While climbing at the Gunks in NY about 8 years ago on a spring day, we heard this massive thunder a few hundred yards away. A small volkswagon sized boulder had broken free from the wall and fell smashing trees below. My friends were about 3 routes away from it when it fell.


Lynn Hill actually failed to tie any knot. She got distracted just as she was starting to tie in:

http://books.google.com/books?id=-vp31fS0OvoC&lpg=PA4...

There's good and bad news on the figure 8 itself. The good news is that they're visually easy to check -- any screw up will make the knot look very different. The bad news is that they invert at relatively low loads. That's mitigated with a long tail.

However, I've never seen any evidence that those single fisherman's people tie in the tail actually do anything. The key is making sure the tail is long enough that the knot is still tied if it inverts.

That's crazy about the rockfall -- lucky you guys weren't standing underneath!


Thanks for the correction -- i was completely wrong! I heard the story 2nd hand from my friend who heard her talk at Rock and Snow in New Paltz.

I oversimplified my knots explanation so i wouldn't bore anyone. Isn't the fisherman's knot supposed to jam up the knot if you missed a loop of the figure 8?


Here is a story is about equipment failure.

http://www.sfgate.com/news/article/Fatal-fall-at-Yosemite-sh...

There are also errors in judgment, but the gear is the center of this story.

The final paragraphs are still hard for me to read, six years on.

edit: adding National Park Service summaries

.

NPS Morning Report for October 26, 2006

  Yosemite National Park (CA)
  Noted Climber Falls To His Death
An experienced rock climber fell to his death this past Monday while climbing near Bridalveil Fall in Yosemite Valley.

Todd Skinner, 47, of Lander, Wyoming, was climbing a route on the Leaning Tower when he fell approximately 500 feet to his death. Skinner's climbing partner reported the fall at around 4 p.m.

Skinner was pronounced dead at the scene. He is survived by his wife and three children. The exact cause of death is under investigation.

[Submitted by Adrienne Freeman, Public Affairs]

.

NPS Morning Report for October 30, 2006

  Yosemite National Park (CA)
  Follow-up On Fatal Climbing Fall
On the afternoon of October 23rd, dispatch received a telephone call reporting a fatal climbing fall.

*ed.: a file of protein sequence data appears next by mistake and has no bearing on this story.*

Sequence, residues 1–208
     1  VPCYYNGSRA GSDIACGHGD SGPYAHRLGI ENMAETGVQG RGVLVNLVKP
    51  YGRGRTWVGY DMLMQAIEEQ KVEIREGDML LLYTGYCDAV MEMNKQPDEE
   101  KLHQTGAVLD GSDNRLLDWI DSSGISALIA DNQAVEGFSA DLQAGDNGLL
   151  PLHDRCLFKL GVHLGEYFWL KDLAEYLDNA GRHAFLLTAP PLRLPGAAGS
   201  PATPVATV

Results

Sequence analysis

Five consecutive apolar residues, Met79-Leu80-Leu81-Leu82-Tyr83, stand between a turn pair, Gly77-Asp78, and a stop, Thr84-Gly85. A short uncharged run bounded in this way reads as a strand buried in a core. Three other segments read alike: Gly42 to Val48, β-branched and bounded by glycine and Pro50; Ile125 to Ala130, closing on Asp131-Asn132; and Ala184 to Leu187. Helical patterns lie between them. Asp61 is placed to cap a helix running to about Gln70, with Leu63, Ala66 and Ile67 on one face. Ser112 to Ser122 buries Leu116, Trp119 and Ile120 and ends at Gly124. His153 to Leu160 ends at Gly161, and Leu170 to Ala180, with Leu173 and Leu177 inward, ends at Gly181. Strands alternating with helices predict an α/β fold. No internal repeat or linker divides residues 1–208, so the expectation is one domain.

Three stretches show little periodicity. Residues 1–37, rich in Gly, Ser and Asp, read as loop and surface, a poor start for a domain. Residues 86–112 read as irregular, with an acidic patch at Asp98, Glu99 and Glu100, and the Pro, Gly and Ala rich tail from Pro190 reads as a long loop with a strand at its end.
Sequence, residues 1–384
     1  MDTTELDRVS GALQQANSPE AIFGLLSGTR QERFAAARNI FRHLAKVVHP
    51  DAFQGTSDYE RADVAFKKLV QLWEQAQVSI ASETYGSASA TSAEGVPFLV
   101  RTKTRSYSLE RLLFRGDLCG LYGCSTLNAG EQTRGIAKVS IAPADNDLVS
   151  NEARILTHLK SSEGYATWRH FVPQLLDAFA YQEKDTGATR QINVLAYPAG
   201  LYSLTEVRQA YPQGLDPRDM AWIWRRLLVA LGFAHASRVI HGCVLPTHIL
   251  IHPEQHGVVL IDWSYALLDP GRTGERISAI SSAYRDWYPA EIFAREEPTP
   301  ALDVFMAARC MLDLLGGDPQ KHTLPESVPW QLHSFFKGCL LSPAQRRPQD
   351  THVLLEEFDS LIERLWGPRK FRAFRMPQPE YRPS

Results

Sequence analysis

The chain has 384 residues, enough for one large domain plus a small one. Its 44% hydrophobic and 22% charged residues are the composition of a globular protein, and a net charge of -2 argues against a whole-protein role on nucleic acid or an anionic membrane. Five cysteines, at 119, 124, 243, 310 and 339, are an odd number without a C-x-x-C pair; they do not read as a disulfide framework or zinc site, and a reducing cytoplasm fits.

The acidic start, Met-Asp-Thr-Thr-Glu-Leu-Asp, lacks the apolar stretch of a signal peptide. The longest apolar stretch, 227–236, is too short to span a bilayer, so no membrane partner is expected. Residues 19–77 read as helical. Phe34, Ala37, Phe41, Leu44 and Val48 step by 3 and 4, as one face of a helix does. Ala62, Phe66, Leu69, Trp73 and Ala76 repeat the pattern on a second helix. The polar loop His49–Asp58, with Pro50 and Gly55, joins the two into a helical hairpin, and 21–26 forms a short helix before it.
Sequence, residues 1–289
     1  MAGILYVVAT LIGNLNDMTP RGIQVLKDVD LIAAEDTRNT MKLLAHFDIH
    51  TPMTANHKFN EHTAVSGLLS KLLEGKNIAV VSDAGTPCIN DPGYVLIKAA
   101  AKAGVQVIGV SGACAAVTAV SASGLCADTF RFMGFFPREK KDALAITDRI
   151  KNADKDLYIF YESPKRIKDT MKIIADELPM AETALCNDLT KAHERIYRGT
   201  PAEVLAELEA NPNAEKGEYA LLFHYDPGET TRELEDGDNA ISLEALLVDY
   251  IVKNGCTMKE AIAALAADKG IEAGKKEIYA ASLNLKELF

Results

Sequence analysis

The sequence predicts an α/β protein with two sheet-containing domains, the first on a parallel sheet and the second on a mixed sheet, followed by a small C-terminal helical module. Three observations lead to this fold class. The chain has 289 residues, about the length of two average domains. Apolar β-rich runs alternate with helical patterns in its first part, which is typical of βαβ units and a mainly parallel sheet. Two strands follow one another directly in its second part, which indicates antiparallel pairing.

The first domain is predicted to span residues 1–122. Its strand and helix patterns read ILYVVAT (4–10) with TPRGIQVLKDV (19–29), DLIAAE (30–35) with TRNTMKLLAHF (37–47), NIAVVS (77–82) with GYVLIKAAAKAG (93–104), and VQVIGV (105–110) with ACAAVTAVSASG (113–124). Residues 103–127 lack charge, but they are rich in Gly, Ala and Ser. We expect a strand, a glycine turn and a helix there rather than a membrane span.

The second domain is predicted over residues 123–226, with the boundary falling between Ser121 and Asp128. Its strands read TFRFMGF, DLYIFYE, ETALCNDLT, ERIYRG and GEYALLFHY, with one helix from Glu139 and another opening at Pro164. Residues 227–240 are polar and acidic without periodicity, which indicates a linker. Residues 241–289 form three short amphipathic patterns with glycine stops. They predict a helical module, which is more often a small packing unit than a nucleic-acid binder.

Jim Hewitt reported that he and his partner, well-known climber Todd Skinner, had been working on a first free ascent of the "Jesus Built My Hotrod" route on the overhanging west face of the Leaning Tower. Skinner's fall occurred when he was rappelling.

Hewitt told investigators that he had been above Skinner when he fell. As he was rappelling on the low-stretch ropes that they had fixed on the route, Hewitt came to Skinner's Grigri descent device on the rope at the point where he had fallen.

The Grigri had a still-locked carabiner attached which had been connected to Skinner's harness. When Skinner's body was recovered, the belay loop on his harness was missing.

The next day, rangers recovered a broken harness belay loop in vegetation at the base of the wall. It was very worn at the spot where the break had occurred.

Hewitt later told investigators that Skinner was aware that the belay loop on his harness was in a weakened condition prior to the climb, and that they had talked about its poor condition three days earlier. ... .

[Submitted by Keith Lober, Emergency Services Coordinator]


Did you know Todd Skinner? (I didn't except by reputation & his accomplishments). That was a tragic accident and definitely shook every climber I know.

I think it's the exception that proves the rule though. Word when it happened was he'd been cleaning loose rock on rap, and was not only wearing a blown-out harness (with a replacement on order at the time) but also apparently had a haul bag full of rocks clipped off to himself.

So -- if you are one of the world's most prolific climbers, use gear you have already decided to retire, and have an unusually high working load, you can maybe get your gear to fail. But it's still incredibly rare.


No, I did not know Todd, except by celebrity reputation. We climbed in different circles.

He was a widely known and well-regarded big wall guy who had freed gigantic routes in Pakistan, Greenland and the Yukon. I read his trip reports with awe. I would have felt out of place carrying his rack from the truck to a picnic table, much less talking climbing with him.

I had not heard that he was tidying up. He was also reputed to be very generous with his time and expertise. I find the idea of him carefully cleaning up a new route (while passing an increasing load through a frayed harness) almost intolerably painful to think about.